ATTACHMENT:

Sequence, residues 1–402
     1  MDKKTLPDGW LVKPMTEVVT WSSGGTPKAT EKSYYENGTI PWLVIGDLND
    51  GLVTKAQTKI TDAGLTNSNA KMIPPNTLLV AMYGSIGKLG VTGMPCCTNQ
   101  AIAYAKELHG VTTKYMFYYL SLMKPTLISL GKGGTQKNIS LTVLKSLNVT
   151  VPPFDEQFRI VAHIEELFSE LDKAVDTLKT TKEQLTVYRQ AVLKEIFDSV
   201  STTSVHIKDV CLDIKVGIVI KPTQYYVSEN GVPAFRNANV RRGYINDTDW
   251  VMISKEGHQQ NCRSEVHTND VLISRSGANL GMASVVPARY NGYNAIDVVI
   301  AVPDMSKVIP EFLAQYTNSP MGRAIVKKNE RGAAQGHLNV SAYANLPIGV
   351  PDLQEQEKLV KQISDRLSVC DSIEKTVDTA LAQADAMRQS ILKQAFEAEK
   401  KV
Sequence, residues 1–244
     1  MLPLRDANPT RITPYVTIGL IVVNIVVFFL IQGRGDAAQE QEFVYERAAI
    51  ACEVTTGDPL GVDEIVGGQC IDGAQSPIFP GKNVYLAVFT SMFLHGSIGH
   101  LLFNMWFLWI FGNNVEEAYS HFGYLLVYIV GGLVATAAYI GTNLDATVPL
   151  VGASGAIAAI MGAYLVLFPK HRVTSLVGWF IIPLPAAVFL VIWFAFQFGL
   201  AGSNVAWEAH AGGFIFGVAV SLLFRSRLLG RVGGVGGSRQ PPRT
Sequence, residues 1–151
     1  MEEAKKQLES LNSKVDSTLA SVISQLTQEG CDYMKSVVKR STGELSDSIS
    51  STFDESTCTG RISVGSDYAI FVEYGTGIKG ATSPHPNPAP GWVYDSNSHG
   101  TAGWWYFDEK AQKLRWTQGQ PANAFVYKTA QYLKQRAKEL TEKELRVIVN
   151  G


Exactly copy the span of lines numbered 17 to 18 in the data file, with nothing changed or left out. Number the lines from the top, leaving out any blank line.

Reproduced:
Sequence, residues 1–151
     1  MEEAKKQLES LNSKVDSTLA SVISQLTQEG CDYMKSVVKR STGELSDSIS